Upstream Gifting: Leveraging the Estate Tax Exemption to Reduce Income Tax
by Adam L. Sandler, Esq., Einhorn, Harris, Ascher, Barbarito & Frost, PC –
August 1, 2019
Let’s face it, not many New Jersey residents have an estate tax problem these days. The individual lifetime federal estate and gift tax exemption is currently $11.4 million ($22.8 million per married couple when considering portability), and the New Jersey estate tax is all but a fading memory. With such a high federal exemption, certain clients may have elderly relatives who will die with large exemptions going unused. When the exemption was increased to $5 million in 2011, practitioners began proposing a technique called “upstream gifting” to leverage unused exemptions in order for a client to achieve a step-up in basis on his or her own assets.
At its most basic level, upstream gifting is performed as follows: a client makes a gift to his grandmother of an appreciated asset, and she bequeaths it to him under her will. Under IRC § 1014, when the client inherits the asset from grandma, the asset’s tax basis is stepped-up to its fair market value (FMV) as of the grandmother’s date of death, thereby eliminating the built-in gain.
Unfortunately, this basic form of upstream gifting is highly risky, estate tax-inefficient and simply impractical. If grandma’s estate plan is not properly executed, the asset may inadvertently wind up in the hands of her creditors or other beneficiaries of her estate. The original gift to grandma also consumes some of the client’s own exemption only to have the asset brought back into his or her estate. Moreover, the client loses access to, and control over, the asset until grandma dies. For those reasons, using trusts to perform upstream gifting is a much better solution. Consider the following example:
Facts: John and Jane Smith are married residents of New Jersey. They have two children and several grandchildren. John owns a 25-percent interest of an LLC consisting of commercial property. The FMV of John’s LLC interest is $6 million, and his tax basis is $1 million. John’s mother, Mary, also a New Jersey resident, is in her early 90s and has an estate valued at $1 million.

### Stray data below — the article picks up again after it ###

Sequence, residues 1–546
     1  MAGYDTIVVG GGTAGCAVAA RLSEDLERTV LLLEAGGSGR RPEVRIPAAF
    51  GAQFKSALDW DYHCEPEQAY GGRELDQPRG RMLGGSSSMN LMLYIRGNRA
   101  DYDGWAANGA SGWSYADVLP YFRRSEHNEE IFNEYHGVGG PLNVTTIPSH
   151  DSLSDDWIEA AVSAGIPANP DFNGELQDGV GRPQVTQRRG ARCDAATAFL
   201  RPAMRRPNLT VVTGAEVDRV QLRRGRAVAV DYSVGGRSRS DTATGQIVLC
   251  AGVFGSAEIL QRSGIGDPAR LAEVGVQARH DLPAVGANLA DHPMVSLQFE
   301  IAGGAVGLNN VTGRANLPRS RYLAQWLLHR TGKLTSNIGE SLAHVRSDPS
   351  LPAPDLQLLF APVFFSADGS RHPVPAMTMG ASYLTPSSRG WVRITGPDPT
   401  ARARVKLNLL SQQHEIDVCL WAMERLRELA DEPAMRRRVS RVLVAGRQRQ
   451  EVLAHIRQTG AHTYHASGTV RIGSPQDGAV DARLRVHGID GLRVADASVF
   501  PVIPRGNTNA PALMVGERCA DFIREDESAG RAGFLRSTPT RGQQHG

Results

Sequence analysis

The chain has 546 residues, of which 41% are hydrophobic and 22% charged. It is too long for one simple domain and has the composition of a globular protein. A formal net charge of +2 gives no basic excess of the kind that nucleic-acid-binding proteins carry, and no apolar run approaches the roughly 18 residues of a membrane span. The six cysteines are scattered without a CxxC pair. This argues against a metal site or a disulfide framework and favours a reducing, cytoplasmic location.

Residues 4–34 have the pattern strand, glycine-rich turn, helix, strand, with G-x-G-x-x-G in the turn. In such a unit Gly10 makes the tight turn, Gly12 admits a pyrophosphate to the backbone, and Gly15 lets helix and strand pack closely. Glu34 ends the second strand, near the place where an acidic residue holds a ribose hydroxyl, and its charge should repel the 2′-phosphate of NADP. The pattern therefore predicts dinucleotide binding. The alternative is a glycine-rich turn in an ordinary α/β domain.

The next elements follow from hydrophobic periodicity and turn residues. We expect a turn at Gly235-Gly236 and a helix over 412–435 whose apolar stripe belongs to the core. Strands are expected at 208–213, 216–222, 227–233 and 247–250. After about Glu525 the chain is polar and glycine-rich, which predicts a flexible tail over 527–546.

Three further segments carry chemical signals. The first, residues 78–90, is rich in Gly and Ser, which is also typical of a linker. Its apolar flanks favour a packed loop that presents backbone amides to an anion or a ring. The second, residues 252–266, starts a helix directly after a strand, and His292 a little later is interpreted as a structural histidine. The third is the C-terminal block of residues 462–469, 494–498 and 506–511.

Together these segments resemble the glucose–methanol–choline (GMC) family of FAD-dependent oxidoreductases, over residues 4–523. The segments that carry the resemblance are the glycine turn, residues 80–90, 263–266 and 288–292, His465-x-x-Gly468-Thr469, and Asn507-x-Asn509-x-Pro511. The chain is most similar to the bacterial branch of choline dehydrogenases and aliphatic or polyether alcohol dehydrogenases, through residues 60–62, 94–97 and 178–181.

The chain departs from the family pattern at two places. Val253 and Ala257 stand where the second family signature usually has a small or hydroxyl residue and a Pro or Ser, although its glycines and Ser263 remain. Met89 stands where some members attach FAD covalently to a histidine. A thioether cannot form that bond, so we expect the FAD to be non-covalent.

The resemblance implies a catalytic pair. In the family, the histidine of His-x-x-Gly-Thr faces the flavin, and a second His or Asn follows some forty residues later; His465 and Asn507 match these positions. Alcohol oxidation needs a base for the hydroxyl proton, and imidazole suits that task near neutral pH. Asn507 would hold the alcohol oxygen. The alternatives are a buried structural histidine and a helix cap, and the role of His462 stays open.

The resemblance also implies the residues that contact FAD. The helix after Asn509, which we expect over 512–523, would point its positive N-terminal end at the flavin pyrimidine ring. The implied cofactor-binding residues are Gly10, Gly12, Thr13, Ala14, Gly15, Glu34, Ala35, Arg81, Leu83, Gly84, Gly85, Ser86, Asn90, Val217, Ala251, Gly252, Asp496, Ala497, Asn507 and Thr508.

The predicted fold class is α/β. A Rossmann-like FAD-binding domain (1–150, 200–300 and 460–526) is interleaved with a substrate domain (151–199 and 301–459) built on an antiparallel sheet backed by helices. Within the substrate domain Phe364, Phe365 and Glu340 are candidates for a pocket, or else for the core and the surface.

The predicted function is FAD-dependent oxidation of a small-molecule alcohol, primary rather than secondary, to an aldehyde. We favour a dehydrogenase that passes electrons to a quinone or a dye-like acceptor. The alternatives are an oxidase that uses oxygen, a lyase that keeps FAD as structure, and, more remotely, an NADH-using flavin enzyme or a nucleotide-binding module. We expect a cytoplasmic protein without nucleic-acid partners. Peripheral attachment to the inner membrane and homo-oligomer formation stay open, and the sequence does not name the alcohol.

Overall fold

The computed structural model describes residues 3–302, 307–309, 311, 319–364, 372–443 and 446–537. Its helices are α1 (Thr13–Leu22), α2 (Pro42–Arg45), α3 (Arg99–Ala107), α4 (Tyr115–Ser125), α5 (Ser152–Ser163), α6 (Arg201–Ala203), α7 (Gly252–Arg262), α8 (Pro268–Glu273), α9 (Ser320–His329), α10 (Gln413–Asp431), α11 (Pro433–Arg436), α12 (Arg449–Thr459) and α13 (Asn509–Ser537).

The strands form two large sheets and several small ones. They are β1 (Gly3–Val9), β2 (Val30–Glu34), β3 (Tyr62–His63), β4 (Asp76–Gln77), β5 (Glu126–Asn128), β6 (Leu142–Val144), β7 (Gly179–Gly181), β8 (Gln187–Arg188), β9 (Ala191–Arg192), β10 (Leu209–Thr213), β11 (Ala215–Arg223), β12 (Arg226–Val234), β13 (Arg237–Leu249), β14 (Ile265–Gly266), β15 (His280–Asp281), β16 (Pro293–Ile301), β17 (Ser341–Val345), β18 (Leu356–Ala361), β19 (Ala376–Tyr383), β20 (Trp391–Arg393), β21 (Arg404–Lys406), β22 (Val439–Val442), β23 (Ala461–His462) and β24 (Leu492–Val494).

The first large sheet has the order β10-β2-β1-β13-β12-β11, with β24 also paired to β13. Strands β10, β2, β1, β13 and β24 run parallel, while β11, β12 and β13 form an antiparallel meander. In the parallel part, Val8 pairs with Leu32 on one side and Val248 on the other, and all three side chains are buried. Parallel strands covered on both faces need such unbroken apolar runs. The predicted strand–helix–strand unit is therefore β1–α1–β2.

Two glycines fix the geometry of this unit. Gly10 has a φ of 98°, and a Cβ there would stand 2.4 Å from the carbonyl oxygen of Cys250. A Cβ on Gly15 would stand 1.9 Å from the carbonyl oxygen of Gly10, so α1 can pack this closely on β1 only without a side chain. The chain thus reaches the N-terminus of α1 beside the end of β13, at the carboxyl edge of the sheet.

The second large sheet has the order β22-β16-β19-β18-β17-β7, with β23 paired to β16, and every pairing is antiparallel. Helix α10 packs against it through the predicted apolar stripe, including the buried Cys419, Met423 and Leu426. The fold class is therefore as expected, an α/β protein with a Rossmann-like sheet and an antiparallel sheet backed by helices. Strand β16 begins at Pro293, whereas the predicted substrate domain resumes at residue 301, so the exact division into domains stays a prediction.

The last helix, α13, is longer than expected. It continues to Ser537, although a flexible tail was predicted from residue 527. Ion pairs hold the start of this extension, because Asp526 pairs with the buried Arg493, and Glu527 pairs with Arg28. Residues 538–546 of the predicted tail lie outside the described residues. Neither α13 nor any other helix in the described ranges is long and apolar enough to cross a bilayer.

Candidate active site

Issue: John would like to sell his LLC interest within the next five years to buy a vacation home. However, the tax liability on the $5 million gain would be significant.
Plan: John establishes a discretionary Spousal Lifetime Access Trust (SLAT) for the benefit of Jane and their descendants, but also includes Mary as a beneficiary. John’s brother, Robert, is named as the trustee. The SLAT provides that Robert, as a non-interested trustee, has the power to confer a General Power of Appointment (GPOA) unto a beneficiary. If the GPOA is not exercised, the trust assets continue to remain in the SLAT for the benefit of Jane and the Smiths’ descendants, i.e. a dynasty trust. Finally, John gifts his LLC interest to the SLAT.
Result: Mary’s health begins to fail within the year. Robert exercises his power and grants Mary a GPOA over the entire corpus of the SLAT. When she passes away shortly thereafter, the GPOA causes inclusion of the trust’s assets in Mary’s estate under IRC § 2041 but does not result in an estate tax because she is still under the federal exemption and New Jersey has no estate tax. As a result, the LLC interest in the SLAT now has a basis equal to its FMV of $6 million. The SLAT can sell the LLC interest and would only realize a gain to the extent the sale price exceeds $6 million. The technique used in the above example achieves a much better result than the basic upstream gifting technique mentioned earlier. Although John used $6 million of his exemption (or less if a discount was applied to the gift), the asset is entirely removed from, and remains out of, the marital estate. Any growth occurs outside of the Smiths’ estate and in the trust. Jane (and John as Jane’s husband) also retains the beneficial enjoyment of the asset as a trust beneficiary, along with any income earned by the LLC prior to sale. Furthermore, the asset is protected from creditors and accidental disposition. Finally, and most importantly, the Smiths avoid paying income tax on the $5 million gain that would have previously resulted.
Adam L. Sandler
Adam L. Sandler, Esq., is an attorney in the Wills, Trusts & Estates and Tax Practice groups at Einhorn, Harris, Ascher, Barbarito & Frost, P.C. and can be contacted at email@example.com.
This article appeared in the July/August 2019 issue of New Jersey CPA magazine. Read the full issue.